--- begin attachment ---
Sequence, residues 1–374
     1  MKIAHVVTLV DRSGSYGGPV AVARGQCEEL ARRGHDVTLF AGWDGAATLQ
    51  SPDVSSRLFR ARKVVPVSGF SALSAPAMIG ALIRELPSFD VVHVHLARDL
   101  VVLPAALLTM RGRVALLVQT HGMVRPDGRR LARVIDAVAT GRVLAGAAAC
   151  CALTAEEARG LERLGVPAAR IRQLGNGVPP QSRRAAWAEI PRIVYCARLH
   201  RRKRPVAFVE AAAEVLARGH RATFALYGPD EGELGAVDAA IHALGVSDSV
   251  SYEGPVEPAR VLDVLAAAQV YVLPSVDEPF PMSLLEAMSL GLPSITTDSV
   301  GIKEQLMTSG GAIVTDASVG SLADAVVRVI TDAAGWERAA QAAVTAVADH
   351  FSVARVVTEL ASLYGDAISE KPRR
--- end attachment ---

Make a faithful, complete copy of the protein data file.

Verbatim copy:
Sequence, residues 1–374
     1  MKIAHVVTLV DRSGSYGGPV AVARGQCEEL ARRGHDVTLF AGWDGAATLQ
    51  SPDVSSRLFR ARKVVPVSGF SALSAPAMIG ALIRELPSFD VVHVHLARDL
   101  VVLPAALLTM RGRVALLVQT HGMVRPDGRR LARVIDAVAT GRVLAGAAAC
   151  CALTAEEARG LERLGVPAAR IRQLGNGVPP QSRRAAWAEI PRIVYCARLH
   201  RRKRPVAFVE AAAEVLARGH RATFALYGPD EGELGAVDAA IHALGVSDSV
   251  SYEGPVEPAR VLDVLAAAQV YVLPSVDEPF PMSLLEAMSL GLPSITTDSV
   301  GIKEQLMTSG GAIVTDASVG SLADAVVRVI TDAAGWERAA QAAVTAVADH
   351  FSVARVVTEL ASLYGDAISE KPRR